With increasing concern about the link between processed meat and cancer, what is the best way to eat a healthy vegetarian diet?
Eating a plant-based diet is more popular than it has ever been. Lots of people go vegetarian or vegan, or cut down on how much meat they eat, to improve their health. There was recently a jump in the upward trend of stepping away from meat, triggered by a World Health Organisation report.
Does eating meat cause cancer?
The report from the World Health Organisation (WHO) evaluated the link between red and processed meat and cancer, and classified processed meat as a Group 1 carcinogen1. Other Group 1 carcinogens are substances such as alcohol and tobacco. This does not mean that eating processed meat is as risky as smoking, but it does mean that there is a proven link between processed meat and cancer.
Processed meats such as bacon and sausages are in Group 1, which means they are a definite cause of cancer. Red meats such as pork, beef and lamb are in Group 2A, meaning they probably cause cancer. However, the risk from eating processed meat is less than other Group 1 carcinogens such as tobacco. For example, if no one in the UK smoked it’s believed there would be 64,500 fewer cases of cancer. If no one ate any red or processed meat there would be around 8,800 fewer cases2. Eating red meat increases your risk of in particular, and 21 percent of bowel cancers are caused by red meat2.
At BMI Healthcare we have lots of information on the different cancer types and the treatments available.
Eating a vegetarian diet is a good way to keep your body healthy and reduce your risk of bowel cancer. A healthy vegetarian diet includes plenty of fruits and vegetables, starchy foods, some dairy products and non-dairy protein sources such as eggs and beans. You can get advice on how to improve your vegetarian diet and make sure you’re getting all the nutrients you need with a dietary consultation.
Protein in a vegetarian diet
If you are eating a vegetarian diet, you need to take extra care to make sure you eat enough protein. Milk and dairy products are good sources of protein, as well as containing calcium and vitamins A and B12. However, they can also be high in fat so try and choose low-fat options such as skimmed milk wherever possible.
Pulses, such as lentils, beans and peas, are low-fat sources of protein and fibre and a portion of any natural pulses also counts as a portion of vegetables. You can also try meat alternatives such as tofu and mycoprotein (which is in products such as Quorn). Remember, it’s important to get your protein from a range of sources so that your body gets the right mixture of amino acids to build and repair your cells3.
Iron in a vegetarian diet
Vegetarians are more likely to develop an iron deficiency, potentially leading to anaemia. However, there are plenty of meat-free sources of iron, so it is easy to keep your iron levels healthy. Eggs, pulses, dark-green vegetables and wholemeal bread all contain lots of iron. You can also try cereals that are fortified with additional iron, or take iron supplement tablets3.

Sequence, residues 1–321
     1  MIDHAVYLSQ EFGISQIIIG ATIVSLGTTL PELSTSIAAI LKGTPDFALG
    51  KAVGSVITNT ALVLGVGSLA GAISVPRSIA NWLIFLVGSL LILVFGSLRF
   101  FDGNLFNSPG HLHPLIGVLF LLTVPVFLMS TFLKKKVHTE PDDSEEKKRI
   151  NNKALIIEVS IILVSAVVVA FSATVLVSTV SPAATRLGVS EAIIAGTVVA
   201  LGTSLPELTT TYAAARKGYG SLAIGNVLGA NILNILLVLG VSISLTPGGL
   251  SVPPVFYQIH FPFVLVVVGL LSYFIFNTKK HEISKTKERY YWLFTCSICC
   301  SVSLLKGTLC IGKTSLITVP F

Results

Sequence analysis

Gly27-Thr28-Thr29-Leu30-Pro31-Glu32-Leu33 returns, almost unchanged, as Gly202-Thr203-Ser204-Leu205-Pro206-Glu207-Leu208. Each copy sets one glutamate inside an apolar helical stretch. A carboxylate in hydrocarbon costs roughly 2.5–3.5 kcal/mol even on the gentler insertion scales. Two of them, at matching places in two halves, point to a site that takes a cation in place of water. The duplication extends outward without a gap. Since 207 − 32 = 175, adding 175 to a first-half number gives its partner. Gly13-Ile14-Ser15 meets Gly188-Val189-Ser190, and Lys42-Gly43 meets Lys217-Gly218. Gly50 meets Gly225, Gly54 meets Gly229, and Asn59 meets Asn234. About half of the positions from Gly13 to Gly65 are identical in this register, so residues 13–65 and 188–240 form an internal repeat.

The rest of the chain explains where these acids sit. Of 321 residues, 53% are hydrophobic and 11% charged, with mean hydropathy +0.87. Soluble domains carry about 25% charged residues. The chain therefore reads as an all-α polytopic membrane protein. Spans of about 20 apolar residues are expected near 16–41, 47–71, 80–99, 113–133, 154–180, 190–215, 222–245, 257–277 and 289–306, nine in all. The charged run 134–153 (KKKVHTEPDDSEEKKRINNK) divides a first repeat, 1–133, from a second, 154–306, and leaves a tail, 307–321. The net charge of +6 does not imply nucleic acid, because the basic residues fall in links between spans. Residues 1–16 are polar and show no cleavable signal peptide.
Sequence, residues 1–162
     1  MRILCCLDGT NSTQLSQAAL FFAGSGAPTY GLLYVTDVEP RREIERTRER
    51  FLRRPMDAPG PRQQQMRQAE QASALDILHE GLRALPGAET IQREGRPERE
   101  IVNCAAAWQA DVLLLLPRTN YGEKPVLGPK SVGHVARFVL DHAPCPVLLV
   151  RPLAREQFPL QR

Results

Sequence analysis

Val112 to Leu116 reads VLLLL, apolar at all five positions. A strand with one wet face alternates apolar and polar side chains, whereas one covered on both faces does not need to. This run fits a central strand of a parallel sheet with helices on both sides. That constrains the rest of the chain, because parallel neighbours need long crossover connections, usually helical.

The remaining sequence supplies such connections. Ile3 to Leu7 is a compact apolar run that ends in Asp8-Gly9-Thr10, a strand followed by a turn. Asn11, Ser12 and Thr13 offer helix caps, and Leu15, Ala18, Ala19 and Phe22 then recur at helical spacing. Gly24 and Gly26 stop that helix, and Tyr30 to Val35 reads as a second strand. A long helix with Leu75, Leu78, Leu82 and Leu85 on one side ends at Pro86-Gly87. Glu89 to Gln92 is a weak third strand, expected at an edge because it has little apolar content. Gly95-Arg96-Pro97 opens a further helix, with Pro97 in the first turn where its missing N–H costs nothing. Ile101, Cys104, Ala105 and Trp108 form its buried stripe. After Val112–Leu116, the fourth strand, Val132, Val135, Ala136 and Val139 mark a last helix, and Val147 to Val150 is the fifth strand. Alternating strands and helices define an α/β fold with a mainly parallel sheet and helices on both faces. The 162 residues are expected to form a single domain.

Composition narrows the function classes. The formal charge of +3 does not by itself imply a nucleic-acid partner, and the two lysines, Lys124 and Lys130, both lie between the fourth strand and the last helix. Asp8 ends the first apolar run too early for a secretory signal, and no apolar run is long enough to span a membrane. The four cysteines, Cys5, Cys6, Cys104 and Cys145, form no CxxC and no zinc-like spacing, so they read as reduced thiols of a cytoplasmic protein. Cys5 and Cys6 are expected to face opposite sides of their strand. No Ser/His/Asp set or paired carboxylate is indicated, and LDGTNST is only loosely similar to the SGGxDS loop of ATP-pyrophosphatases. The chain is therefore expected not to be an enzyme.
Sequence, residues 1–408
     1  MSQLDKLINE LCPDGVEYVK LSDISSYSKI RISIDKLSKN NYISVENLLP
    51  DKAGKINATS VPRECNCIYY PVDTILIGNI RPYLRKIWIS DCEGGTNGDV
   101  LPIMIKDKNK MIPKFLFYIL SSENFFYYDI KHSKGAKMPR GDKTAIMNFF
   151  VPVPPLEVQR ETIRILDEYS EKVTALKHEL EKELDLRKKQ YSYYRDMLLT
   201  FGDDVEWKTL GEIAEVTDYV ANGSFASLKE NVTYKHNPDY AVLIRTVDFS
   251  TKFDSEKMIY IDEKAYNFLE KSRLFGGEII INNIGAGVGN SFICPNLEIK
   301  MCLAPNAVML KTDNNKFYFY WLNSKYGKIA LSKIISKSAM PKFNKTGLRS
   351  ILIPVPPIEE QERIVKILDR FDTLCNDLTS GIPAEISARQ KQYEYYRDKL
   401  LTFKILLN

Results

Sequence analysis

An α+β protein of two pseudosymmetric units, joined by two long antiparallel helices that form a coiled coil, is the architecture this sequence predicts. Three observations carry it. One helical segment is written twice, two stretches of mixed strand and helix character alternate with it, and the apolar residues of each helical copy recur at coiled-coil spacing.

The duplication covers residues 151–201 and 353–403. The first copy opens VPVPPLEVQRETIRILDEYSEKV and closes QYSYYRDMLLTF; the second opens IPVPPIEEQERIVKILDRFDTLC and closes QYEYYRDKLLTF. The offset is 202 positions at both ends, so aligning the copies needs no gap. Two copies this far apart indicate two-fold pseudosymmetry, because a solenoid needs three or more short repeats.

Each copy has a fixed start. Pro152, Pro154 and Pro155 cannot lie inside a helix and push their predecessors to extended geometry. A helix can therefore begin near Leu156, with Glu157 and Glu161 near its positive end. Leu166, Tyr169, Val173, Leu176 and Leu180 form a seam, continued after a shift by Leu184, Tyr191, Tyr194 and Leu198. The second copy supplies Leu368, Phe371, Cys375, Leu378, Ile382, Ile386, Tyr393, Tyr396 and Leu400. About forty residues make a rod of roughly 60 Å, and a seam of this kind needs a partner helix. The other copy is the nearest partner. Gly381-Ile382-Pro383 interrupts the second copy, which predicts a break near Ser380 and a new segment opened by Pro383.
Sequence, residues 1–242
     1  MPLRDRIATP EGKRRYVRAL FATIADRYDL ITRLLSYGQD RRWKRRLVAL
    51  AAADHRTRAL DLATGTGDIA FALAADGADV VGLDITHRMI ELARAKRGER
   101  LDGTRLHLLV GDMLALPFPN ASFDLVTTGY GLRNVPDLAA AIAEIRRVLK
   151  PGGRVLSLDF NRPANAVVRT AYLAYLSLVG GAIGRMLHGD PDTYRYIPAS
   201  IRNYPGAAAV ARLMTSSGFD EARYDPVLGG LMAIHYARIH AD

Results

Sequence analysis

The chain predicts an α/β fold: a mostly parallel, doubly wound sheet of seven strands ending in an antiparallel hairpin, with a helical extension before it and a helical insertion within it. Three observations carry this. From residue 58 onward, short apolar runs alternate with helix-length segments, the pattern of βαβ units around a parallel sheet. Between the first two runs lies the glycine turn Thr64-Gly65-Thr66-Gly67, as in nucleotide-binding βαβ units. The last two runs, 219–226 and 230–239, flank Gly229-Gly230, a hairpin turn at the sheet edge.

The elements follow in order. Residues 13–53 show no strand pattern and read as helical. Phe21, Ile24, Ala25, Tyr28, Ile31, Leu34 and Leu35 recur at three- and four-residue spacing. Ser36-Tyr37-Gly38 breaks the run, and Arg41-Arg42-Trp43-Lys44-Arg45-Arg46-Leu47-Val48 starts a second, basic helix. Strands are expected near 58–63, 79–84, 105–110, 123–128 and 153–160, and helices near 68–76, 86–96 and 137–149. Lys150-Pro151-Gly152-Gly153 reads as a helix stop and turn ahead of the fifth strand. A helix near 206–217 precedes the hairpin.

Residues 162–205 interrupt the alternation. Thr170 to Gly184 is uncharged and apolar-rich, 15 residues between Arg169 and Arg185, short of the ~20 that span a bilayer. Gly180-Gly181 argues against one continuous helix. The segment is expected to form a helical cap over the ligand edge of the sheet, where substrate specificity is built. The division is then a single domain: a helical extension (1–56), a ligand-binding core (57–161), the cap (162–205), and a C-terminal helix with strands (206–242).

Vitamin B12 in a vegetarian diet
Vitamin B12 only occurs naturally in animal products. This means that you probably get enough of it if you eat plenty of dairy products or eggs. If you don’t, fortified yeast extracts such as Marmite, and fortified breakfast cereals and soya products are also reliable sources3.
A vegan diet is entirely plant based, avoiding all foods that come from animals. This includes eggs and dairy products. A vegan diet provides the vast majority of protein and nutrients that you need, but you do need to be conscious of what you eat so that you don’t miss out on essential nutrients such as calcium, iron and vitamin B12. If you need more advice on how to make sure your vegan diet provides everything you need to be healthy, try a dietary consultation.
Calcium and vitamin D in a vegan diet
You need calcium to keep your bones and teeth strong. Many dairy alternatives such as soya, rice and oat drinks are fortified with calcium, as is shop-bought bread. Sesame seeds and tahini are good natural sources of calcium, along with most pulses4.
You also need to take on plenty of vitamin D to enable your body to absorb calcium. The best and most enjoyable way to do this is to get out in the sunshine, but remember to cover up and wear sun cream. Many breakfast cereals and soya drinks are fortified with vitamin D, and you can also take supplements. This is a particularly good idea in the dark winter months when sunshine is in short supply4.
Iron in a vegan diet
Vegans need to eat plenty of iron-rich foods to prevent iron deficiency and anaemia, as iron from plant-based foods is less easily absorbed than iron from meat. Pulses, wholemeal bread, leafy green vegetables and nuts are all good sources of iron, and are staples of a healthy vegan diet4.
Vitamin B12 in a vegan diet
Vegan sources of vitamin B12 are limited, as it only occurs naturally in animal products. Many foods are deliberately fortified with vitamin B12, including breakfast cereals, soya drinks and yeast extracts such as Marmite. You can also take a vitamin B12 supplement to make sure you’re getting enough4.
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